One of the stops on my trip to Tokyo with @GuideYu a few months ago was to a Tenugui shop in Harajuku called Kamawanu.
Tenugui are a traditional Japanese multipurpose cloth. To name just a few of the many uses for tenugui, back in the Edo period people would use tenugui as small towels, or wrap them around their heads to keep the sweat or hair out of their eyes. Tenugui are usually are decorated with traditional Japanese patterns and designs.
Tenugui that I bought at Kamawanu - Click for larger image
One of the tenugui I bought at Kamawanu depicts cats… I don’t like cats, but my wife does, and this was pretty cool artistically, so I grabbed it. It may seem a little weird to put a tenugui in a frame and hang it on the wall, but I swear I got this idea from the shop in Harajuku itself, and the art on this particular tenugui is a recreation of some traditional Japanese art from the 1800s, so I’m going to say that it’s wall worthy. To further justify my wall-hanging case I learned that one of my Japanese friends, @ukti2009, also has a tenugui framed and hanging on her wall. She has the 蚊取り線香 katori senkou pattern tenugui.
Kamawanu is a cool shop. If you are interested in Tenugui you should stop by. The shop name, Kamawanu, is a play on words. The first image is of a sickle, followed by a circle, and then the hiragana character nu. The following image explains everything, but basically in Japanese a sickle is “kama” 鎌, and a way to say a circle is “wa” 輪, and then you have the sound “nu.” In Japanese the phrase “KAMAWANU” means, “I don’t mind” and sort of expresses a feeling of indifference.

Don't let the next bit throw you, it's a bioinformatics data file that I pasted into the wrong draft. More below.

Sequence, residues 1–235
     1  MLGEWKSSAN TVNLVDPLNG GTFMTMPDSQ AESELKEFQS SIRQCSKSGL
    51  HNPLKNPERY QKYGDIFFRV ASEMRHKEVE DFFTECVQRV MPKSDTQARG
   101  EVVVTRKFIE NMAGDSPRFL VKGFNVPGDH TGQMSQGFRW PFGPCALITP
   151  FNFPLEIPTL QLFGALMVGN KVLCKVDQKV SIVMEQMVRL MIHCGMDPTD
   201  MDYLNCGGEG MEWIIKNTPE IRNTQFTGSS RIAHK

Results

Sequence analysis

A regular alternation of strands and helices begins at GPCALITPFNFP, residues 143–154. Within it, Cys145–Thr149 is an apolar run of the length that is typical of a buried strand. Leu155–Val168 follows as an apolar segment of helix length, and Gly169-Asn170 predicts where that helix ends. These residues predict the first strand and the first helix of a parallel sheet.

It seems that the original artwork for my “cat tenugui” was done around 1848 and is called 猫飼好五十三疋（みょうかいこうごじゅうさんびき）(Cats suggested as the fifty-three stations of the Tokaido). I didn’t realize this until I started writing this blog post, but it seems that the images of the cats are also a play on words.
The image on my Tenugui is a small slice of the original much larger image featuring more cats. You can see the entire image here in high resolution thanks to wikimedia commons.
(Click for larger image) 猫飼好五十三疋 Cats suggested as the fifty-three stations of the Tokaido
So, each cat and its pose are a play on words that describe one of the stations on the Tokaido train line.
The cat in the lower left of my tenugui is running away with a blue fish.
The blue fish he is running away with is called サバ SABA in Japanese.
The cat is a tabby cat. A tabby cat is called a ぶち猫 (BUCHI NEKO) in Japanese.
So, the train station the image is referring to is FUJISAWA train station! Because FUJI sounds like BUCHI and SAWA sounds like SABA.
So, in my tenugui there is a picture of a cat dragging away a huge red octopus.
A huge octopus in Japanese is 大ダコ (OODAKO).
Huge octopi are heavy. Really freakin heavy. “Really freakin’ heavy” in Japanese is おもいぞ OMOIZO.
So the station being referred to is 大磯（おおいそ）OOISO, because OMOIZO sounds like OOISO! And if you roll up OODAKO and stuff, I guess it’s even tighter?
Had some delicous steak in the Kitashinchi area of Osaka a while ago after I saw it introduced on a Japanese TV show. If you’re looking for an awesome lunch in Osaka check it out. You can walk to Kitashichi from Umeda station (closest to Nishi-Umeda) in about 15 or 20 minutes, but there is also a Kitashinchi train stop on the JR line.
We had to line up to get in at lunch time. Also, the TV spot featured their hamburg lunch, but when we sat down at 1pm we were told the hamburg had sold out at about 12:30pm that day. Apparently the TV spot caught them a little off guard and brought in a ton of new customers so they had been scrambling. We did however get to try the steak lunch and it was delicious.
The lunch course is very filling. You get the main dish, a mini curry, and a coffee or tea at the end. The shop allows smoking, but when we were there for lunch there were very few, if any, people smoking.
Go eat meat.
Steak House Fuubi
Hamburg Lunch 1,575 yen
■ 住所：大阪市北区堂島1-3-11 スタックビルB1F